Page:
The internet comments on Safi’s post illustrate further the problems of scholars (or others) attempting to police who counts as truly Islamic (or Christian or Hindu or…). One of those commenters, for example, references al-Qaeda’s alleged interest in restoring the Caliphate to argue that al-Qaeda indeed fits the Islamist label. Other commenters illustrate some of Safi’s concern with Islamophobia, as they disagree with Safi’s declaration of true Islam and argue over what the edicts of the Qur’an and Hadith actually require. Thus, Safi’s assertions leave him in the position of debating what is an accurate interpretation of particular texts and traditions, something that people who identify as Muslims, as Christians, as Buddhists, etc., have continually debated (on both major and seemingly minor points).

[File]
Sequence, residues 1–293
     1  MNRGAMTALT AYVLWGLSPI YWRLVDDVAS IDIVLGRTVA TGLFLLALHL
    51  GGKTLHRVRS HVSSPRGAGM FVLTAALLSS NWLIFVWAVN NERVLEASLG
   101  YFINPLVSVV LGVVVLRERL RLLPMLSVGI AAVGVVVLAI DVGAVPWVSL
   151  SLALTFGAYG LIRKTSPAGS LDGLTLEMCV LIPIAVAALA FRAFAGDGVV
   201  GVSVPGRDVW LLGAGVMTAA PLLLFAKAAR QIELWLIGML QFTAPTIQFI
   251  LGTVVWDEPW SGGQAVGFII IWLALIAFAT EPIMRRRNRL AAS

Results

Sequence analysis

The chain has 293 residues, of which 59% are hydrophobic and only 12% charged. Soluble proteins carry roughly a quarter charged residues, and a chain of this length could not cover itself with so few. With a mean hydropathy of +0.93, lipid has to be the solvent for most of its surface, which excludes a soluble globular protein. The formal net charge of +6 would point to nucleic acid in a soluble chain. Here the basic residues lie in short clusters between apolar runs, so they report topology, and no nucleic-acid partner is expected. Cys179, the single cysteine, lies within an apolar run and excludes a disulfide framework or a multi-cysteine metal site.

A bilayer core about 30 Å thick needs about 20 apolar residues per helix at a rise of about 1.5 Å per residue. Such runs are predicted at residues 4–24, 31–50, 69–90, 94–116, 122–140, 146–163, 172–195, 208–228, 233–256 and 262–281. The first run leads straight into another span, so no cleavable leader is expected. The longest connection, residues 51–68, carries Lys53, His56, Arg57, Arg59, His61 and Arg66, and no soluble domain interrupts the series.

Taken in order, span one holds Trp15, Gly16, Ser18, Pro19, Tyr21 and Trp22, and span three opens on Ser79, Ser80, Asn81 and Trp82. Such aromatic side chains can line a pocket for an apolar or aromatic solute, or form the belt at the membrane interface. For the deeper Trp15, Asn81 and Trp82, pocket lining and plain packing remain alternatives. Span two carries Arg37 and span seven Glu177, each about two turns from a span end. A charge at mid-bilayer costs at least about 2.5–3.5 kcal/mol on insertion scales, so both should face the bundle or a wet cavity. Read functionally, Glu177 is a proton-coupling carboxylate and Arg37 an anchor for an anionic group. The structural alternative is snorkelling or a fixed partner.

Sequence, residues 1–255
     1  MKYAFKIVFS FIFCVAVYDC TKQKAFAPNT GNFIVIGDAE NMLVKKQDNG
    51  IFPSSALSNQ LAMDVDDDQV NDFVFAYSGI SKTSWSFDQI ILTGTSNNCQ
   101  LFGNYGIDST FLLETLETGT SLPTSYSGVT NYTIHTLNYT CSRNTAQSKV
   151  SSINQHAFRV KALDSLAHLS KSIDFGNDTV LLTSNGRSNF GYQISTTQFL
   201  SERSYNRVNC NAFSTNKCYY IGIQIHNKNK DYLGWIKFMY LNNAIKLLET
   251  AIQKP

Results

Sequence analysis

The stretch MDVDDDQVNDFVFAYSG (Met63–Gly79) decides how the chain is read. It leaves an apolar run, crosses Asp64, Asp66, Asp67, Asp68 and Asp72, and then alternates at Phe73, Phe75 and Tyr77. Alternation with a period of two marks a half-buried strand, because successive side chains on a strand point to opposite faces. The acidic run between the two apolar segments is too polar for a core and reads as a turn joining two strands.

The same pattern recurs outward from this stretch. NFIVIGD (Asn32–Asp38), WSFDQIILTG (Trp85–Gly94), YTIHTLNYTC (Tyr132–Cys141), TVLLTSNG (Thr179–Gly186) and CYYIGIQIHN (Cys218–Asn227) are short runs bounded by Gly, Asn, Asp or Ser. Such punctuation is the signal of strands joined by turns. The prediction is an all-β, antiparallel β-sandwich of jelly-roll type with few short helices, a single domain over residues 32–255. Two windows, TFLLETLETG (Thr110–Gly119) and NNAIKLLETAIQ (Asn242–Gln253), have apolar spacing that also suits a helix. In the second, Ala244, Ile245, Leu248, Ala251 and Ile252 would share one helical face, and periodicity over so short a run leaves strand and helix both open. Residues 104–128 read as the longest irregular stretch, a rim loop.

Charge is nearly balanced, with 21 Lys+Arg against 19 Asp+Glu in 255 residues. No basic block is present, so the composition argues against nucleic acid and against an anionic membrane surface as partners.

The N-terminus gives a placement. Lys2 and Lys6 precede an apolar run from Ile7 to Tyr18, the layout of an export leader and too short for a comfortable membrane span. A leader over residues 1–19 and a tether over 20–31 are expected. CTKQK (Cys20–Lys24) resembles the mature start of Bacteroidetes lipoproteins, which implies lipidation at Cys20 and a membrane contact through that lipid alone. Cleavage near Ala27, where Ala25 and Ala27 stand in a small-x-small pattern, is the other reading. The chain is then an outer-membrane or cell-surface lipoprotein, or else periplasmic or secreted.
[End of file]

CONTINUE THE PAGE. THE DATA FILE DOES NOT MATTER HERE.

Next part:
While Safi’s goal seems to be to protect a particular understanding of Islam, as well as those who identify with it (an academic goal that is also contested, as is the label academic), a different academic approach can alter this dynamic. Analyzing what different groups gain from applying the labels emphasizes how the labels are manipulable social constructions in anyone’s hands. To maintain that approach, though, scholars need to avoid valorizing particular positions by refraining from debating the correct application of labels (and thus avoid applying the labels themselves), a point I have argued more extensively previously. Instead of debating whether al-Qaeda operatives are Muslims, scholars should acknowledge who is selecting particular labels for them and the ways that the labels promote a variety of interests for different groups who employ them.